The Gambia is situated in the Sahelian
zone on the
West Coast of Africa. It is one of the smallest countries in Africa
(the smallest being Seychelles archipelago) and has a total
area of 11,300 square km, of which about 20 percent is described
as wetland. The river runs from east to west, dividing the country
in two strips of land 25 to 50 km wide and about 300 km long.
The country has a total boundary length of 820 km (510 mi), of
which 80 km (50 mi) is coastline.
The River Gambia, the country's
major waterway, rises in Guinea and follows a twisting path for
about 1,600 km (1,000 mi) to the sea.
A flat plateau of tertiary sandstone, capped with an infertile
ironstone crust, gently rises from 10- 15 m at the coast to 100
m at 400 km inland. The rest of the catchments consists of older
worn Paleozoic and Pre-Cambrian rock with a maximum height of
about 1500 m in the Fouta Djallon. Pleistocene and Holocene (Nouakchottian
transgression) exist along the coast, along the estuaries and
in river valleys.
The landscape two major geomorphologic units can be distinguished
between the uplands and the lowlands:
On the upland plateaus, weathered tropical soils are found. These
soils have low intrinsic fertility and low water
retention capacity, but their drainage conditions are good. The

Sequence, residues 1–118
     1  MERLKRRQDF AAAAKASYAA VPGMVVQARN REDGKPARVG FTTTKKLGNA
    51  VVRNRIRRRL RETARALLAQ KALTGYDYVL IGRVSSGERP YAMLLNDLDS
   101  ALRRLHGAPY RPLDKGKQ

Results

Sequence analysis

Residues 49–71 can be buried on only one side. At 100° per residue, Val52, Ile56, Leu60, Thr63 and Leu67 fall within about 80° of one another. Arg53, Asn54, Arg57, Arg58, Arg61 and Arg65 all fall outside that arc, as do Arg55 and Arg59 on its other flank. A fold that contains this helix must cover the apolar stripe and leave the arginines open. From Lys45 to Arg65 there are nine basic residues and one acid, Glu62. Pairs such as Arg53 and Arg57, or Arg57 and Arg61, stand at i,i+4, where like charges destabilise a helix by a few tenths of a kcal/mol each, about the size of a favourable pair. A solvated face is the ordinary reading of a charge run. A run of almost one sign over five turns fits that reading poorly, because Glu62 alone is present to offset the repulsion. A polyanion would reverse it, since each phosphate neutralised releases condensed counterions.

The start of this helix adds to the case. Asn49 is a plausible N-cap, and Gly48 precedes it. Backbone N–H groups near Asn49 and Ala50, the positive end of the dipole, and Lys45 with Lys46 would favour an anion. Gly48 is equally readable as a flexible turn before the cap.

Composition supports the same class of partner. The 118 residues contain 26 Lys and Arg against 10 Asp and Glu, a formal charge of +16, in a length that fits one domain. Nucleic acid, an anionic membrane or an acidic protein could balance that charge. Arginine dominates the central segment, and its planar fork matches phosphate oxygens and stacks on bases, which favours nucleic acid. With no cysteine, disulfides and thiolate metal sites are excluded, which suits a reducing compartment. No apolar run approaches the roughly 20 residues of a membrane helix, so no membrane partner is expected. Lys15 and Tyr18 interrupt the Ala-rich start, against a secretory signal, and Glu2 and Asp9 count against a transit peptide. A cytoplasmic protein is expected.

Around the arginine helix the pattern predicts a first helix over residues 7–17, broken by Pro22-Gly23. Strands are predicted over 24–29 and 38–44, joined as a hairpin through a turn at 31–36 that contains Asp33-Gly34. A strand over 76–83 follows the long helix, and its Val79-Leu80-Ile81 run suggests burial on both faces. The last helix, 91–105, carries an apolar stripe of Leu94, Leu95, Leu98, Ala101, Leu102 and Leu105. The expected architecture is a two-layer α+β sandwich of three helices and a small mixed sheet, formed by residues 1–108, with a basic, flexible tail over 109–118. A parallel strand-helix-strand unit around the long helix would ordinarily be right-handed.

plateau is intersected by watercourses flowing downwards on the
lowlands. These streams have formed narrow fluvio colluvial valleys
The lowlands include the floodplain of the River
Gambia in the Upper Valley, and tidal plains (Banta Faros)
in the Central Valley and Lower Valley. The soils of the lowlands
are flat, fine textured and poorly drained. In the LV potentially
acid sulphate soils occur, which can become acidic soils unless
water logging is prevented by drainage.
Outside salinity risk areas (Scott Wilson Kirkpatrick, 1993),
freshwater can be found throughout The Gambia, at depths ranging
from 4 to 30 mbgl (metres below ground level). In general, depths
increase with proximity to the border with Senegal. Groundwater
recharge depends on the quantity and spatial and temporal distribution
of rainfall, surface geology, and land use (Howard Humphreys and
Sons, 1974; Chow, 1964). Good quality surface water
within the country is only found in the eastern third of the River
Gambia. From June to December, freshwater availability is
boosted by flows from the middle and upper Gambia River Basin
areas. Low flows from January to May are mostly sustained by local
rainfall (Njie, 2002).
main feature of the land is predominantly Guinea woodland savannah
and Sahelian scrub with with mangroves concentrated near the estuary
of the River Gambia and along
its banks and Bolongs.
The vegetation is comprised of the Savannah type with shrub and
grass understoreys. Mangroves are found in the western half of
the country in the floodplains of the river region. The cultivable
land area is roughly 430,000 hectares, which is 38 percent of
the total area. Back in 2002 available arable land was 250,000
hectares, while 5,000 hectares were under permanent crops.